BELGIUM: The European Partnership for Energy and the Environment (EPEE) has requested an exemption for F-gases and fluoropolymers in any forthcoming PFAS restrictions.
The plea to the European Chemicals Agency was in response to a proposal by five EU member states – Germany, the Netherlands, Norway, Sweden and Denmark – to change the definition of PFAS substances, a move which would ban practically all HFC and HFO refrigerants.
EPEE, which represents the refrigeration, air conditioning and heat pump manufacturing industry in Europe, was responding to the European Chemicals Agency’s stakeholder consultation on the proposals which closed today.
“We requested these time-unlimited derogations to avoid a significant loss of efficiency for key products in heating and cooling,” said EPEE director general Russell Patten. “Further restrictions on the use of F-gases and fluoropolymers would drastically slow the deployment of heat pumps, on which the EU depends to reach independence from Russian fossil fuels and to meet the climate target by 2030.”
EPEE stated in its reply that a broad ranging PFAS ban would hinder the ongoing and future research and development of even safer and more energy-efficient devices. It maintained that F-gas refrigerants were essential to the optimal performance of equipment and products that contribute to the decarbonisation of the energy system and buildings, and provide efficient heating and cooling solutions for domestic, industrial, commercial, and medicinal applications, as well as many others.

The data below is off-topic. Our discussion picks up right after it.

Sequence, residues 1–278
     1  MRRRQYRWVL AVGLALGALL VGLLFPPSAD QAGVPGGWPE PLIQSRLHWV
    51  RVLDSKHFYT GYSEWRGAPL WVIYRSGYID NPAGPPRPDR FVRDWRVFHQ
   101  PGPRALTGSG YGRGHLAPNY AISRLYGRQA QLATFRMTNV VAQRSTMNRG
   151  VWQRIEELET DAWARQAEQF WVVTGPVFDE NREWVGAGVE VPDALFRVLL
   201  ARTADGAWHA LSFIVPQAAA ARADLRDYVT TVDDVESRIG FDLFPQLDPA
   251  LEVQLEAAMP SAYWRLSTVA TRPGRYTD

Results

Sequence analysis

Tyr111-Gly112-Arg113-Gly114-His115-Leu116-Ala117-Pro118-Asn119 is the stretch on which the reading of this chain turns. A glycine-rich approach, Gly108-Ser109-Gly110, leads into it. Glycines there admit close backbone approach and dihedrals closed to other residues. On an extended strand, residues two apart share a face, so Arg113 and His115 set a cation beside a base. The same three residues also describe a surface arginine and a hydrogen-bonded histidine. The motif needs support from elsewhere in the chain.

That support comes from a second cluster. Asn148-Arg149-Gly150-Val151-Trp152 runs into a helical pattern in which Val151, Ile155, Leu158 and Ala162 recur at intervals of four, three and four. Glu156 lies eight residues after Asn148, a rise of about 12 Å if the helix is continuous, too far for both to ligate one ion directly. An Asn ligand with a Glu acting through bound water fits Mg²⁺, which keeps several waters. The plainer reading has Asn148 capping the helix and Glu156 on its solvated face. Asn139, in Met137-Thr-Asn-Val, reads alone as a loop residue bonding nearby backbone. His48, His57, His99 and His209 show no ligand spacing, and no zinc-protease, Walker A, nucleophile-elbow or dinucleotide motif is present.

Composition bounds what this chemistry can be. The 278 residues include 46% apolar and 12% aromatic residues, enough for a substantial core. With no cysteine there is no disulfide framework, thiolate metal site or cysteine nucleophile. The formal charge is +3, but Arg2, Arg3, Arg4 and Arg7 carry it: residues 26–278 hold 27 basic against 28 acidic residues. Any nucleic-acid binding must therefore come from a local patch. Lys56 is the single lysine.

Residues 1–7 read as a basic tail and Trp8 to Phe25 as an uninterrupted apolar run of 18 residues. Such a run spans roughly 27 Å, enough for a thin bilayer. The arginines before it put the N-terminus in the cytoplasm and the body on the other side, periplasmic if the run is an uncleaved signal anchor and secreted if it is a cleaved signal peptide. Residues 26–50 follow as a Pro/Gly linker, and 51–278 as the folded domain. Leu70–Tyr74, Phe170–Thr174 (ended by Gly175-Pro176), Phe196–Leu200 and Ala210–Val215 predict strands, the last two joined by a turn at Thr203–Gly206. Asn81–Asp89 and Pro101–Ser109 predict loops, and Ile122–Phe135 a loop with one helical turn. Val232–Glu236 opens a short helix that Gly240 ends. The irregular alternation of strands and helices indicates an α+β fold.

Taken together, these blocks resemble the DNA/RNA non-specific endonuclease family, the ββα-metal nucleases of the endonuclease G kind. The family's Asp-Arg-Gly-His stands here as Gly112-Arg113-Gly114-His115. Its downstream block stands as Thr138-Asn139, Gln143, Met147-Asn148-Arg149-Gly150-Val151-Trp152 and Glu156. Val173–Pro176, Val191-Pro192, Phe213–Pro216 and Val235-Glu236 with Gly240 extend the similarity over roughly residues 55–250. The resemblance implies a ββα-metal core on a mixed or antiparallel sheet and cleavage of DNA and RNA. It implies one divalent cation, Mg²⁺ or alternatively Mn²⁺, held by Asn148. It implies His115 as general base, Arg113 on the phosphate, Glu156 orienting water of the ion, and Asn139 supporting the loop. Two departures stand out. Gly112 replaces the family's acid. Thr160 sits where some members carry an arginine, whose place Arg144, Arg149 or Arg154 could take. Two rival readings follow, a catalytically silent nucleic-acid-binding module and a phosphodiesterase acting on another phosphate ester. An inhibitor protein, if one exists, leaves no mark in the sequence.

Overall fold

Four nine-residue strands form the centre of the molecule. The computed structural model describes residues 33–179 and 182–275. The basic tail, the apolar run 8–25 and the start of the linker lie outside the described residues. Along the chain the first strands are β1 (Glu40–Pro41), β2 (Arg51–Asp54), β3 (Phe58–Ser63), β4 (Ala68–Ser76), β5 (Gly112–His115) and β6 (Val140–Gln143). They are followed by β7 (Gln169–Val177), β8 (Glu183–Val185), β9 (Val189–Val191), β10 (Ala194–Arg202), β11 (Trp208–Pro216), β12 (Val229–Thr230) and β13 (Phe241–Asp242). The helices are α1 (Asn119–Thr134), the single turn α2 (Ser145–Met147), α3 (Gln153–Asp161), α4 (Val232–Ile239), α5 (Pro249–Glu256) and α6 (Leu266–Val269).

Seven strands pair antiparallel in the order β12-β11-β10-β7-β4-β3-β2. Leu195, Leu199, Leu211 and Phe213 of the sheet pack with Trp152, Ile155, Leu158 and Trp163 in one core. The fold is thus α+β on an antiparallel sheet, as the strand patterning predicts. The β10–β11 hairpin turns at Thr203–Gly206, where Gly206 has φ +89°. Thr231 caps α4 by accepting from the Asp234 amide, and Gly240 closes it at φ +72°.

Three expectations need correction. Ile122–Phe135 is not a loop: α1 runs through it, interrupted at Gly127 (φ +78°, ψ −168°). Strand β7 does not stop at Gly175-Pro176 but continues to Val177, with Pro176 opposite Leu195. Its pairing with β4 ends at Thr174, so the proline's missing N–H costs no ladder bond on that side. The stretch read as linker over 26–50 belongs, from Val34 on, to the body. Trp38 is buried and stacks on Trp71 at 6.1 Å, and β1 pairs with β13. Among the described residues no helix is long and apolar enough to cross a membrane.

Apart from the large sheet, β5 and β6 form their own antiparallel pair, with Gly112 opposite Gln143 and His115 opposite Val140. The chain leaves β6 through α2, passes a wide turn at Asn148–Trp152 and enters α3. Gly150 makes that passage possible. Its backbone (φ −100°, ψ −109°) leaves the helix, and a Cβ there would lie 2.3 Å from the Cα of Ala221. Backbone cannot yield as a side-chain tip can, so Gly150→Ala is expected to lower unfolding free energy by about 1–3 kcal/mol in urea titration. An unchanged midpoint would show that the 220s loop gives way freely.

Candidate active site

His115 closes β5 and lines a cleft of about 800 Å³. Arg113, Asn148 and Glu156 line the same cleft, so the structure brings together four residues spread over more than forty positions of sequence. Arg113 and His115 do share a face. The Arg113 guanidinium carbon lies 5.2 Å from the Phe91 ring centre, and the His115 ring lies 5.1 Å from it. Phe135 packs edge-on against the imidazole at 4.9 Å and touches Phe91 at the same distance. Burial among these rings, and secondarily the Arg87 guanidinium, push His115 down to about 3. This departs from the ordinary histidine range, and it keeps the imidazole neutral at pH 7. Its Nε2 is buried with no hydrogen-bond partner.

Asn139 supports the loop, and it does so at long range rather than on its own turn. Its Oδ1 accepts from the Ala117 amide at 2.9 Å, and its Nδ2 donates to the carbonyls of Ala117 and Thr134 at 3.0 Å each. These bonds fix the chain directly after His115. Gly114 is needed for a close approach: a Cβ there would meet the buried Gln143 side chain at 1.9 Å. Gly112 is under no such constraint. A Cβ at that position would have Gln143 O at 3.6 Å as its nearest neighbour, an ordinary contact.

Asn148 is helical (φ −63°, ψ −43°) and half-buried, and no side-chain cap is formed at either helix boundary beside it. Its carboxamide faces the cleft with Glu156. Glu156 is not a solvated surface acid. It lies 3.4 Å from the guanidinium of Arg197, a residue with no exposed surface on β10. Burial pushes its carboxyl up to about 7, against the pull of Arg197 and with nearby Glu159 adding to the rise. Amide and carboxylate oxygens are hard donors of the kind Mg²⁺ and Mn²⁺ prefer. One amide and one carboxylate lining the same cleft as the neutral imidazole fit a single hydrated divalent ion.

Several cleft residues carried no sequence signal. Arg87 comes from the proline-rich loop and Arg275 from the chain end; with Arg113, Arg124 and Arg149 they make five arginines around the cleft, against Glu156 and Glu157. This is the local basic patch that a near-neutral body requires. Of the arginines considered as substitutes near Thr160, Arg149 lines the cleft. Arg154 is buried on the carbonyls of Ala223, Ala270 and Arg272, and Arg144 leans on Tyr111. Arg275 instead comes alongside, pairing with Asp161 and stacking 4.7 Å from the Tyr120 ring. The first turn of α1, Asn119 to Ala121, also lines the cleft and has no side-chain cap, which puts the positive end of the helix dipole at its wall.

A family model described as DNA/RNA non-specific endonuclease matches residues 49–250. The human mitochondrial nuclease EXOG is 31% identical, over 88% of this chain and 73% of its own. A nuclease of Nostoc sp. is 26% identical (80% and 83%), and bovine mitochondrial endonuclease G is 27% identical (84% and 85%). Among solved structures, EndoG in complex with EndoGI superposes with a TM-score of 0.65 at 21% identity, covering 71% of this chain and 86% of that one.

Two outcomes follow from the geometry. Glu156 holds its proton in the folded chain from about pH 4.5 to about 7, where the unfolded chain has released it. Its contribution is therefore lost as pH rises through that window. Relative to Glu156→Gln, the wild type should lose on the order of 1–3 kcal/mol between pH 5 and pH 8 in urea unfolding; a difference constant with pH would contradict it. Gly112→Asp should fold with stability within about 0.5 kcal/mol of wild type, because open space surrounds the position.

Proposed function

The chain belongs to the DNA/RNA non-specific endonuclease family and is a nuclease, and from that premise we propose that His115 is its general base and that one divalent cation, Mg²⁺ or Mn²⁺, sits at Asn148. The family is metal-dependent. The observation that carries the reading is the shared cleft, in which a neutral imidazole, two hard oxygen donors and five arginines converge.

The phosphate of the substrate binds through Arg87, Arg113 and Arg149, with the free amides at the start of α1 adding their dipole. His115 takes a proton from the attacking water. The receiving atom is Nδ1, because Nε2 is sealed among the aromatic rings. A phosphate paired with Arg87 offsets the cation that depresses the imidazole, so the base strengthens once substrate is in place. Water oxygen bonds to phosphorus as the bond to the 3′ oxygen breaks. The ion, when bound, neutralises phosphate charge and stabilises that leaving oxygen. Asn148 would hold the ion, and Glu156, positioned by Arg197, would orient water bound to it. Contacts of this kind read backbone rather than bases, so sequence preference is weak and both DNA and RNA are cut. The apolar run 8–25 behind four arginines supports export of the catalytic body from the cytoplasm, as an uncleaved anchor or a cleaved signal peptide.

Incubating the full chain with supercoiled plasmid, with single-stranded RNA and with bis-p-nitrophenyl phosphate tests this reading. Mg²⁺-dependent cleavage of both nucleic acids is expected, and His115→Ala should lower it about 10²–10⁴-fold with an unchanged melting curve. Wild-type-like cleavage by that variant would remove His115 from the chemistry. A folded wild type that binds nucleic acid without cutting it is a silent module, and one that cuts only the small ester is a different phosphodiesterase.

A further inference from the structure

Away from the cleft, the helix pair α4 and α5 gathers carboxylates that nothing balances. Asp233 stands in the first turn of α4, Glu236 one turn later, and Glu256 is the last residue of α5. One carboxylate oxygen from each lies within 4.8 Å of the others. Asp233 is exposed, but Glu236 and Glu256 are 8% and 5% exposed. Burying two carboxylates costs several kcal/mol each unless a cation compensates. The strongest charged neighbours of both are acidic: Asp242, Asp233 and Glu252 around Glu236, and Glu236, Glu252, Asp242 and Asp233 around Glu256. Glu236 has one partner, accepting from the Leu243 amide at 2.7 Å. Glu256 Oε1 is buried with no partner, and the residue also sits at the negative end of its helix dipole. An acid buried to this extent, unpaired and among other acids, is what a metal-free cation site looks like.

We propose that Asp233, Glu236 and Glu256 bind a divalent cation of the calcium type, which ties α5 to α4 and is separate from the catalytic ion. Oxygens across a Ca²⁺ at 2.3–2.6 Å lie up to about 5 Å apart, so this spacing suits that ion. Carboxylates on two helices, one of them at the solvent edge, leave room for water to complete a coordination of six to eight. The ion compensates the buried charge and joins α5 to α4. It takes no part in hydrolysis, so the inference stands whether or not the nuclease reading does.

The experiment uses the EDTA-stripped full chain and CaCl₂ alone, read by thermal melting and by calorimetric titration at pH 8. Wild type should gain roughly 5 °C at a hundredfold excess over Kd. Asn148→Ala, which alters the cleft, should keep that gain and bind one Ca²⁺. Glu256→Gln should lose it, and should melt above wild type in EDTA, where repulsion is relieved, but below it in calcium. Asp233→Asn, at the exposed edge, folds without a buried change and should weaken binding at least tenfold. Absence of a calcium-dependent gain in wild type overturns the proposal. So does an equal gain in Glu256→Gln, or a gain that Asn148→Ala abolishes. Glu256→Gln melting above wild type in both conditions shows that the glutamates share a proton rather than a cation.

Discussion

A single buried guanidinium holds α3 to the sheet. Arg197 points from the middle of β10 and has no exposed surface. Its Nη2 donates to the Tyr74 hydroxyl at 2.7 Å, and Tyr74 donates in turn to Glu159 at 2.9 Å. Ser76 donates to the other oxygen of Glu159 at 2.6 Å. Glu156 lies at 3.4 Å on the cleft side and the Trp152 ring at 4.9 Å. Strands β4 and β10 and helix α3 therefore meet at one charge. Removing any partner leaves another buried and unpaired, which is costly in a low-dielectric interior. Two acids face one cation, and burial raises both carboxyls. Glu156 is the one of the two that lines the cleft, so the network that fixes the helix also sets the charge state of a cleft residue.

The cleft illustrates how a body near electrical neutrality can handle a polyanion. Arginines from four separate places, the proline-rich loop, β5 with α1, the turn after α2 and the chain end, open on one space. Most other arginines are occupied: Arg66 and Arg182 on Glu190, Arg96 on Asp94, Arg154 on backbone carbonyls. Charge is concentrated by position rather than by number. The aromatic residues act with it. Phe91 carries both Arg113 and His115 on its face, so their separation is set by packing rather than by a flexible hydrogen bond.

A PFAS ban through the European REACH regulations under the proposed new definition would also curtail the production and use of fluoropolymers which are used in a number of critical refrigeration components, including vital gaskets and other sealing systems, electrical and electronic components, and wear-resistant coatings.
EPEE points out that there are currently no viable alternatives to fluoropolymers that could fulfil the same criteria with the same level of efficiency and safety. It insists that fluoropolymers stand up to the unique and harsh operating conditions of RACHP equipment, and are used for their sealing capacity, resistance to pressure and temperature, persistence, electrical properties and low friction.
In its response, EPEE said: “Fluoropolymers offer the safest way to transport refrigerants and avoid leakages of toxic and flammable gases. A ban on their use would mean returning to less efficient, less safe, older alternatives, and would impact many European industries beyond the RACHP sector itself.”
EPEE also raised concerns about the risk of equipment obsolescence, as many types of RACHP equipment can be used from 12 to up to 30 years in certain applications. As such the restriction proposal could impact end-of-life practices, recycling and reclamation of gases, exports from Europe, maintenance and refilling of existing equipment.
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